The "WT" Lineage
In Wing Tsun (Wing Chun/Ving Tsun), as in
other martial arts, you will often hear people speak of lineage. Some stand on
lineage to validate their credibility, some proudly represent their lineage as
their family, and sadly some use it to try to feel superior to others and cause
division ("we're right, you're wrong… my lineage is better, we are the only
'true' lineage"). The fact of the matter is, lineage is fairly unimportant in
the grand scheme of things. It holds about as much weight in your performance as
your surname does on your ability to read. You can come from a very
"prestigious" lineage and be a terrible pugilist, or you can come from no
lineage to speak of and have extraordinary skill. However, when two
practitioners meet, generally the first question asked is "what lineage are you
In Wing Tsun, there are generally two categories of lineages; The Yip Man (Ip Man) branch and sub-lineages, and the non-Yip Man branches and lineages. The Yip Man lineages are headed by students or grandstudents of the late Grandmaster Yip Man. They are considered Yip Man lineages because their Kung Fu can be traced back to Grandmaster Yip Man's interpretation of the Wing Tsun system, however no official successor was appointed by Yip Man when he retired (even though some of his students claimed they were and fought over the title). Over the course of his long teaching career, many of his students went on to become grandmasters of their own lineages. Over time, Yip Man's skill level, understanding, and teaching methods evolved. What Yip Man taught over the years in Hong Kong changed over time, and all of what he was teaching in Hong Kong varied from what he originally taught in Foshan. Some students had different strengths and weaknesses, and he taught them slightly differently according to their abilities. As they took what they learned and developed their own interpretation of the system, the content of the lineages varies as far as footwork, variations in the forms, teaching methods, training drills, technique application, terminology, etc. It's all still Wing Tsun (Ving Tsun/Wing Chun), it's all still authentic, it's just slightly different interpretations of the system. When Bruce Lee came to America and the western world got it's first taste of Wing Tsun, Bruce Lee was basically responsible for the first English Romanization of "Wing Chun", and also the term "Kung Fu" (Gung Fu/Gong Fu) being used as a blanket term to describe Chinese martial arts (Wushu). When Yip Man Romanized the name of the system into English, he chose to spell it "Ving Tsun" instead of "Wing Chun" purposely, because at the time of British occupation in Hong Kong, "WC" was the abbreviation for "water closet", which basically meant a toilet, and he didn't want his style associated with that or all of the negative implications that came along with it, i.e. having it mocked as "Tiolet Fist" by the British oppressors. As we've already discussed on the What is Wing Tsun and Terminology pages, the difference here is just in the English spelling. (Wing Tsun, Ving Tsun, Wing Chun is all the same Cantonese word, spelling, and pronunciation.)
Our lineage is that of Grandmaster Leung Ting, also referred to as "WT" because of the spelling of Wing Tsun. Leung Ting began training Wing Tsun at 13 years old with his uncle Pak Cheung, who was a student of Leung Sheung, Yip Man's first student in Hong Kong, and then Leung Ting became a student of Leung Sheung as well. Leung Sheung was one of 4 original Yip Man students in Hong Kong who received the complete system directly from Yip Man himself and went on to teach with the blessing of Yip Man. This group, in the order that they became disciples, consisted of Leung Sheung (King of Biu Tze), Lok Yiu (King of Chum Kiu), Chu Shong Tin (King of Siu Nim Tao), and Wong Shun Leung (King of Talking Hands). It's common place for senior student to assume a fair chunk of the teaching duties of the class, so later generations of students received most of their instruction from their Si-Hings (senior student/Kung Fu big brother), even though Yip Man was their Si-Fu, and out of the hundreds of students that Yip Man had, they didn't all stay to complete the system. However, these 4 are said to be the only students who learned the entire system, including the weapons, directly from Yip Man himself.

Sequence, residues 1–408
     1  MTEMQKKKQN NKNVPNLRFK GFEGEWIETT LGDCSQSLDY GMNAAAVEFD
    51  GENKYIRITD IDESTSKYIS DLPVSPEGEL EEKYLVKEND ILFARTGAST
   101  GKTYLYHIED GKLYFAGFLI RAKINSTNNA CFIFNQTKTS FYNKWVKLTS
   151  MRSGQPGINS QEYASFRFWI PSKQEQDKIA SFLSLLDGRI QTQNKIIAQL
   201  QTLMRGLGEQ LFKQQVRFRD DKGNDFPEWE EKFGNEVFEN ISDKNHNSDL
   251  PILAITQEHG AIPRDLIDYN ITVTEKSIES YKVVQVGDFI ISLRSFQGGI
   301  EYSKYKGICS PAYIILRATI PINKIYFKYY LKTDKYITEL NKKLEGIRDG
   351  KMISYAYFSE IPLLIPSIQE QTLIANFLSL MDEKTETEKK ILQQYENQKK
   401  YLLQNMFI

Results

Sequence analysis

After several years of training with Leung Sheung, Leung Ting became an assistant instructor and also helped his uncle set up a Kwoon. Eventually one of Leung Ting's Si-Hings (senior student/Kung Fu big brother) Kwok Keung introduced Leung Ting to his Si-Gung (teacher's teacher/Kung Fu "grandfather") Yip Man, who was very impressed with his skill, and at 20 years old (1967) Leung Ting became the final "closed door", or private student, of Yip Man and received private lessons from him over the course of the next 9 moths, and resumed private lessons with him 2 years later, even after Yip Man had formally retired from teaching publicly.
To clear up any confusion, the hierarchy in Wing Tsun (as is with most traditional Chinese martial arts) is one of familial relations; even though Leung Ting was taught personally by Yip Man, Yip Man was technically not his Si-fu (Kung Fu father/teacher), but his Si-Gung (Kung Fu grandfather/his teacher's teacher), and Leung Sheung was Leung Ting's official Sifu. One does not "jump ranks" in familial ranking by training with someone further upstream in the same lineage or branch, no different than going to live with your grandfather and being raised by him. Even though your grandfather raised you, he's still your grandfather and doesn't suddenly become your father, and you his son, just because he is now your guardian. Your Si-Hing will always be your "big brother/senior student", even if you surpass them in the system or in skill level. Familial relations within the system do not change. Yip Man seemed to have a habit of picking To-Suen (grandstudents) from his first generation students and teaching them privately, as was the case with Allan Lee (student of Lok Yiu) and a handful of others.